586% ratings growth for Discovery Kids with Little Singham’s launch: Vikram Tanna
April of this year saw Discovery Kids, the kids’ channel from Discovery Communications India, fortifying its presence in the country with launch of a new animation series, ‘Little Singham’. Discovery Kids has collaborated with Rohit Shetty Picturez and Reliance Animation to create India’s Superhero IP.
‘Little Singham’, which hit the little screens from April 21, 2018, has been launched at a never-before scale with 156 episodes and 5 tele features. The new animation series is being aired in 3 languages – Hindi, Tamil and Telugu. Dabur Red Paste has come on-board as the title sponsor of ‘Little Singham’.
The channel claims to have achieved a whopping 586 per cent ratings growth with the launch of ‘Little Singham’ in Week 17.
In conversation with Adgully, Vikram Tanna, VP, Head of Advertising Sales and Business Head of Regional Clusters, Discovery Communications India, speaks at length about the developments in the kids’ genre in India, development of it latest IP ‘Little Singham’ and the growth see post the show’s launch, what kids want to watch today, and much more. Excerpts:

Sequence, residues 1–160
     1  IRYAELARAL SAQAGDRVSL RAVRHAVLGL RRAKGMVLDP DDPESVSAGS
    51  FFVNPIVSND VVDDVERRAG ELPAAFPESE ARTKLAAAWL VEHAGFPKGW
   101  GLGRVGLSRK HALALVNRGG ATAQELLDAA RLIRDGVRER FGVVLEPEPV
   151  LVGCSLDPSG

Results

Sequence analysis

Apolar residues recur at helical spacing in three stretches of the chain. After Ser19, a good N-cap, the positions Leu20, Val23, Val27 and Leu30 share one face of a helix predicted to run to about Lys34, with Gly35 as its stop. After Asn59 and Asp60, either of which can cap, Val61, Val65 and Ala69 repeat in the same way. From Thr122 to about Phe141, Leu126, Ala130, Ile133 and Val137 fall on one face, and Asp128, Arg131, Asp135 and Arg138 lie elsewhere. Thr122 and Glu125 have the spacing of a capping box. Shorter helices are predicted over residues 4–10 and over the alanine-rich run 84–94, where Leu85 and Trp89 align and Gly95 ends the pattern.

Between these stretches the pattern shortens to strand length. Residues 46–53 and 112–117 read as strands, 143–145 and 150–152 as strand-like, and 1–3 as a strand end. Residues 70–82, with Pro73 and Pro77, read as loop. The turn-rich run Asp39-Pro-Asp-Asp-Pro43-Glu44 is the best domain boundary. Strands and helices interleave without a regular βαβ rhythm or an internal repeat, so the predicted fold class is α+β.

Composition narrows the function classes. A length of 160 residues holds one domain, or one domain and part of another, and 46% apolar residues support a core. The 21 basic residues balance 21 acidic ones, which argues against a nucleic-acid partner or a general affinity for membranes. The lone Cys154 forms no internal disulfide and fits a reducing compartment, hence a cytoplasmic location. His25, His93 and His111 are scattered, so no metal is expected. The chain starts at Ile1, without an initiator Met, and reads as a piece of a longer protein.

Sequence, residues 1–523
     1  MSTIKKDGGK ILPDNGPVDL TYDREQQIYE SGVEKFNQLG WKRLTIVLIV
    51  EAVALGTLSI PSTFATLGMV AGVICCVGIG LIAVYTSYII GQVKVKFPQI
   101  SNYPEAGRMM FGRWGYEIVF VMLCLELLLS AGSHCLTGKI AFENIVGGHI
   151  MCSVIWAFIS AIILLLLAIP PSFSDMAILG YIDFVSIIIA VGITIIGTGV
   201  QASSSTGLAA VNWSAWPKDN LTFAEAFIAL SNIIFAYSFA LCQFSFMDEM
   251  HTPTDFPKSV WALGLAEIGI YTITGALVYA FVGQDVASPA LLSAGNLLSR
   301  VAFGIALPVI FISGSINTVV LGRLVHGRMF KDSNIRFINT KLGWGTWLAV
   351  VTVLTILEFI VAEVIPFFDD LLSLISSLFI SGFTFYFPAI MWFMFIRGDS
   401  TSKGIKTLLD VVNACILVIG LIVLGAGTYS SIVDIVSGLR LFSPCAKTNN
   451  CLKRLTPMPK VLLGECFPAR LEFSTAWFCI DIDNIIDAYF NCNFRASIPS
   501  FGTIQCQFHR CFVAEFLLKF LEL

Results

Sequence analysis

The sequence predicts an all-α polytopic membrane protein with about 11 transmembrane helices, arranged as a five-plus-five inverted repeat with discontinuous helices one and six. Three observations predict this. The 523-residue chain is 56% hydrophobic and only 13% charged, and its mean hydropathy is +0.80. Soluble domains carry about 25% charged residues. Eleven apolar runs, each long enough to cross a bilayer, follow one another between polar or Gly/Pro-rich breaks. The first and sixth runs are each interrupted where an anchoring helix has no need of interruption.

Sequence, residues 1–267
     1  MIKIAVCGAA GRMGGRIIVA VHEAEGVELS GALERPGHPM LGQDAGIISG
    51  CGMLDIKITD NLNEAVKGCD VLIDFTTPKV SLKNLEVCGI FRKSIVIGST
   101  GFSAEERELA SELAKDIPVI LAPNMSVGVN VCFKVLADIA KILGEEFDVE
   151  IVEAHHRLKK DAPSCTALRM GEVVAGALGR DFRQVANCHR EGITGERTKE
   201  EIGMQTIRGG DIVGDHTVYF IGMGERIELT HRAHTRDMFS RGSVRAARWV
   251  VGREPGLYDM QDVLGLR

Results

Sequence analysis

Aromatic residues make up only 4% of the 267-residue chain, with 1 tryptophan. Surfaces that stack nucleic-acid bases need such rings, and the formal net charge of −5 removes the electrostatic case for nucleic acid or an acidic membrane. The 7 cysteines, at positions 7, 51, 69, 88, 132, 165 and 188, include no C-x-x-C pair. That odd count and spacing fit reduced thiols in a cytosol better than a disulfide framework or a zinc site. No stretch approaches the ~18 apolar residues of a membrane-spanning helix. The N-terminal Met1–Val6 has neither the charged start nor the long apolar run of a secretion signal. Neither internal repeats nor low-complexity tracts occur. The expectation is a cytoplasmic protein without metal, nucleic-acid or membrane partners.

Please take us through Discovery Kids’ journey. What are the trends and developments see in the kids’ genre today?
When we began this journey on Discovery Kids we syndicated a lot of content. To scale it up, we decided to do things differently but not scale it out of proportion. We came up with a differential and bold approach to build the whole product. Any product on the broadcast platform gets built on three pillars – programming, marketing and distribution. We have been distributed across quite well as a network and this is true for Discovery Kids as well, but we took a differential approach when it comes to the content.
There is a gap between when the IP is launched and when it becomes a blockbuster hit. The familiarity quotient helped us shorten this gap without resorting to expensive marketing. Then you let it take its time and grow, because kids are used to certain habits and certain characters and changing those habits is not easy.